Man holding a tablet with tipping screen inside a restaurant

Sadi-Santos/Shutterstock (Licensed)

‘It’s gonna ask you a question’: 5 moments that prove tipping has gotten way out of control

‘Tipping has become a joke.’


Ljeonida Mulabazi


Tipping culture in the United States has intensified, with consumers feeling increasingly burdened by rising expectations. In a survey by the Pew Research Center, 72% of U.S. adults said that tipping is now expected in more places than it was five years ago. 

While tipping used to be limited to service industries such as restaurants and cafes, it has now spread to retail stores, food delivery services, rideshares, and more. A woman recently reported being asked to tip at the self-checkout after buying a greeting card. 

This phenomenon, often referred to as “tipflation,” has left people feeling uncertain about where and how much to tip, plus dissatisfaction over the frequency with which they have to tip.

In fact, many consumers reported that tipping now feels like less of a choice and more like an expected obligation in more places. 

Understandably, as consumer frustration grows, so do personal anecdotes and reports online. Let’s take a look at five instances where tipping culture has extended beyond its traditional boundaries.

Tipping at self-checkout

Customer buys water at self-checkout. She’s asked to leave a tip

Reports of being asked to tip at a self-checkout kiosk are on the rise. 

TikTok user Alana (@spitprincess) recently posted a video showing her encounter with this issue at an airport.

In the video, we see she’s only purchasing a water bottle, and the screen shows different options for tipping. Confused, she asks “Who is this even going to?”

“This is what people mean when they say tipping culture is insane,” Alana writes in the overlay. 

Since retail stores have no clear obligation to share such information, it’s not entirely clear where exactly this tipping money is allocated.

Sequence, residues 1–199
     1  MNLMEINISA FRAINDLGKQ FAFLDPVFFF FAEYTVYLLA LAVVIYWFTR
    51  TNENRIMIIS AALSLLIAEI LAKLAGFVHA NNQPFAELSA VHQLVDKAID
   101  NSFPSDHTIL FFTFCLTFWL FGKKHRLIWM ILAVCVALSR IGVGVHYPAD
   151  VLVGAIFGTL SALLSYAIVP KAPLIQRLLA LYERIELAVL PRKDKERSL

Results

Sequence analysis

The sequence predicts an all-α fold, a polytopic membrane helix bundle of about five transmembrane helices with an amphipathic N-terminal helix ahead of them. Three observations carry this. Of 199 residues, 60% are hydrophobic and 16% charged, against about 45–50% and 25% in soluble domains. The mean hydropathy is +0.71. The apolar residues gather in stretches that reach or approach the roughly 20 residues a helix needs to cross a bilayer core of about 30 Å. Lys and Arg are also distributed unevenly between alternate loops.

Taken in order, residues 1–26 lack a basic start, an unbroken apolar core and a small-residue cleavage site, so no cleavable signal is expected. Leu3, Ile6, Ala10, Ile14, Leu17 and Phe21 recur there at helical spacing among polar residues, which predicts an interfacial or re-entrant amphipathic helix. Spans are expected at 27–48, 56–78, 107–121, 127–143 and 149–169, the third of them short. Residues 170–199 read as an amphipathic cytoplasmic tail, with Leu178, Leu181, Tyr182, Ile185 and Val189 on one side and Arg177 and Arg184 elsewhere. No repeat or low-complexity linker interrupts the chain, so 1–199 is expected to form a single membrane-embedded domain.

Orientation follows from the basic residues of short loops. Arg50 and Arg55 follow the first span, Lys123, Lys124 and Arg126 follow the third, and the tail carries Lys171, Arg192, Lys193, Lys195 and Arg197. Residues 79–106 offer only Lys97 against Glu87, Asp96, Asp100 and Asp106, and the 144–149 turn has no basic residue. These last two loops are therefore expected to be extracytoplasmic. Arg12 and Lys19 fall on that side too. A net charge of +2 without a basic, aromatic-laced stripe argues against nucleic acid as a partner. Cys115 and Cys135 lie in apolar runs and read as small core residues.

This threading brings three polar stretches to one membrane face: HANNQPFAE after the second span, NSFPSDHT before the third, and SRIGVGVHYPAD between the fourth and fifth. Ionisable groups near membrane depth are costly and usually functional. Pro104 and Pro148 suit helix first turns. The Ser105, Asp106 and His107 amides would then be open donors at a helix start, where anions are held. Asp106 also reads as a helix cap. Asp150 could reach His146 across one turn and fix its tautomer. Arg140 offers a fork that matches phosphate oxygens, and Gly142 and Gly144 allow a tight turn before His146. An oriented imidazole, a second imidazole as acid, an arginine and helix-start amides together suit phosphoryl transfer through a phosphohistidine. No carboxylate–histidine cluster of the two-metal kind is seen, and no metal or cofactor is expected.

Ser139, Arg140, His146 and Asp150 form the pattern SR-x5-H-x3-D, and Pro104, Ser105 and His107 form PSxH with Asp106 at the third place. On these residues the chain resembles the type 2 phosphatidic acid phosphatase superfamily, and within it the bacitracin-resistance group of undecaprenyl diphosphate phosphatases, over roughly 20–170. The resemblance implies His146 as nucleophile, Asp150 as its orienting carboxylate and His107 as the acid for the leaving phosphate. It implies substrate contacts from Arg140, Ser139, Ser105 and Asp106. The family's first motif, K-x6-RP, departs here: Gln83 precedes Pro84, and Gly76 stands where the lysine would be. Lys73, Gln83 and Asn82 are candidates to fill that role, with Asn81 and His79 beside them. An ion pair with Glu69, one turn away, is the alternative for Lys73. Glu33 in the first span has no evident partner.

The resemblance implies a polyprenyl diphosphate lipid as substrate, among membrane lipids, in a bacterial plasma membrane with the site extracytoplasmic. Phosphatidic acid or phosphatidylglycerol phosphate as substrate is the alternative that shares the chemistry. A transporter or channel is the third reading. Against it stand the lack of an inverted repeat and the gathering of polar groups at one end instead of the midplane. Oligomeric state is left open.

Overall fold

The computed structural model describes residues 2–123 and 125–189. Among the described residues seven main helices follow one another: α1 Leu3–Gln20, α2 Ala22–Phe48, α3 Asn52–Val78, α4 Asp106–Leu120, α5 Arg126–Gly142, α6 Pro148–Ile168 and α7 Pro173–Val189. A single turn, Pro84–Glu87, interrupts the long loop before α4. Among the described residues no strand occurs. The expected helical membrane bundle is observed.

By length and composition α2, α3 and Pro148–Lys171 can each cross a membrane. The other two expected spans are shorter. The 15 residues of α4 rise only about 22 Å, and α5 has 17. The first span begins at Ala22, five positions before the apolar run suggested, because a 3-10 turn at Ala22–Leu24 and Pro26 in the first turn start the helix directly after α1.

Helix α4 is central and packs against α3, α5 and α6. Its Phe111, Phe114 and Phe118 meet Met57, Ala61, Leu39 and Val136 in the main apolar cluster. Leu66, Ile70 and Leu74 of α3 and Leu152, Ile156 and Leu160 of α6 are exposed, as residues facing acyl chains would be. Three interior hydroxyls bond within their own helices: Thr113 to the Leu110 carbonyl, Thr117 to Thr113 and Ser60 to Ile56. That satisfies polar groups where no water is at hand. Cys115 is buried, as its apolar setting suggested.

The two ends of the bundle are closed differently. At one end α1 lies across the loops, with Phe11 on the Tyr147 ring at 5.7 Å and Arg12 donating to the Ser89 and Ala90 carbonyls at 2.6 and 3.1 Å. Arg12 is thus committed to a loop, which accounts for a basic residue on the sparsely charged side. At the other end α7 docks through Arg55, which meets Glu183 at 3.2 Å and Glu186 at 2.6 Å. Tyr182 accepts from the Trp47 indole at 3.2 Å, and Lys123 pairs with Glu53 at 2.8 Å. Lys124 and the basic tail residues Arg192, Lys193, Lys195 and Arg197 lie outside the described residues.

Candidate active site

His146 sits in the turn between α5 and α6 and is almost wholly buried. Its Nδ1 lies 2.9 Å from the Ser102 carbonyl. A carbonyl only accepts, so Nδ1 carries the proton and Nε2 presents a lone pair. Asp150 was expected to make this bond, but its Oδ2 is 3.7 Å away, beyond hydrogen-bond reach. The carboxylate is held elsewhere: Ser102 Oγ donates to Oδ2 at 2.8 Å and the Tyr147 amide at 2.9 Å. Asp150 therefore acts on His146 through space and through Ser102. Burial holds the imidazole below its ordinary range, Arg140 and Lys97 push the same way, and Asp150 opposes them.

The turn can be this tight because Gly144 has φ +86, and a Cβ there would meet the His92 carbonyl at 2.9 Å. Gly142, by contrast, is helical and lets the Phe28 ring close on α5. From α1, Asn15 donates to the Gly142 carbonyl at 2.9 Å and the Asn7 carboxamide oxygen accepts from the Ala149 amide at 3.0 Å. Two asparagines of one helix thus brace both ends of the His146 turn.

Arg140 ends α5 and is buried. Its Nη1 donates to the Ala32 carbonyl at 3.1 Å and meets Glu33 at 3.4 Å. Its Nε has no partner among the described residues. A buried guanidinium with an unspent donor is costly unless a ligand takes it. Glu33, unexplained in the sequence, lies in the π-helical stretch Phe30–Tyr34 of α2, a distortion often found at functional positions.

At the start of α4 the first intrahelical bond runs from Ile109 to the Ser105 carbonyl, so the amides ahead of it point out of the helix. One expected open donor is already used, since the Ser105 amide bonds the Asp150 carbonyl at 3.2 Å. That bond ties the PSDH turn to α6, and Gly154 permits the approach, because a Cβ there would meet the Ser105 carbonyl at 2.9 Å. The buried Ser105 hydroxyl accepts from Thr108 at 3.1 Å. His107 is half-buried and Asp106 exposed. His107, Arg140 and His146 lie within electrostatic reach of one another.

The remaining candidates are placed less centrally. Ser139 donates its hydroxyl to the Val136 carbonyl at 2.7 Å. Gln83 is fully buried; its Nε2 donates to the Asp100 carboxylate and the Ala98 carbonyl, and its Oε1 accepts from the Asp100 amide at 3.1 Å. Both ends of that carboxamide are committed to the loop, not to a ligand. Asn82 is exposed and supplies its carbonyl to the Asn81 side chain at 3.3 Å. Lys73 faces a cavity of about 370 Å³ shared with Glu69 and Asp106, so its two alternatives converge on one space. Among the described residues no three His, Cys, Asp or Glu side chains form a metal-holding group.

Barber expects 40% tip

Man talking(l), Barber cutting hair(c), Second man talking(r)
G-Stock Studio/Shutterstock @quicksbarbershop/Tiktok (Licensed)

A video posted by Quick’s Barbershop (@quicksbarbershop) caused controversy online after one of the barbers said he expects a 40% tip from his customers. 

In the clip, someone with a camera is going around asking the resident barbers about their expectations regarding tips, when right off the bat the first barber says, “You know, the minimum is 20%, but I say I’d expect 40% for time and detail I put into my haircut.”

Other barbers have different answers, with several expressing that a Google review might be even more valuable, but most agree that 20% is the average they’d expect. 

In the comments, users were enraged with the expectation of the first barber, writing they’d never choose to get a haircut from him, and that “tipping has become a joke.” 

Target home delivery service

Woman says she was asked to tip $84 for Target order after paying for $49 subscription
@bbsmallsmb/TikTok JHVEPhoto/Adobe Stock (Licensed)

In March, Target announced a home delivery service with a $49 annual subscription called Target Circle 360.

TikTok user @bbsmallsmb signed up and sparked a discussion by sharing her experience in a video.

In her clip, she recounts ordering several items but only receiving two of her items. She was then prompted by the delivery driver to tip $84.

“I really thought it was, like, competing with Amazon Prime,” she stated. 

After realizing the delivery driver canceled items still in stock, she decided to cancel the service, criticizing Target for not being clear about the tipping aspect.

50%, 70%, and 90%. For a $15 haircut

Customer gets asked to tip 50%, 70%, or 90% for walk-in haircut
u/CapablePerformer8582/Reddit Jacob Lund/ShutterStock Jacob Lund/ShutterStock (Licensed)

A Reddit user named CapablePerformer8582 shared a screenshot of a payment screen at a hair salon that suggested tipping amounts of 50%, 70%, and 90% for a $15 haircut.

This sparked a discussion on the r/EndTipping subreddit about the absurdity of such high tip expectations.

One user expressed similar frustration, saying, “I push no tip when I see unreasonable tip requests.”

The post highlighted growing concerns over tipping culture’s unreasonable demands.

Kitchen service charge

Customer questions 'kitchen service charge' on bill, says owner wants to pay back-of-house more money
@marinaa.rudan/TikTok Monkey Business/Adobe Stock (Licensed)

A woman reported that a “kitchen service charge” was automatically added to her dinner bill without her knowledge. 

Marina Rudan, a TikTok user (@marinaa.rudan), posted a video saying that a restaurant called Liberty Kitchen in Surrey, BC, Canada employed a “shady” tactic to increase compensation for kitchen staff without prior notice.

When Rudan asked the server what the extra charge was, the server allegedly responded saying, “The owner decided that his kitchen staff should be paid more money, and he automatically now has a kitchen service charge added to the bill.”

Incidents like these often place an unfair burden on consumers, making them feel overly responsible for the livelihood of service workers.

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The Daily Dot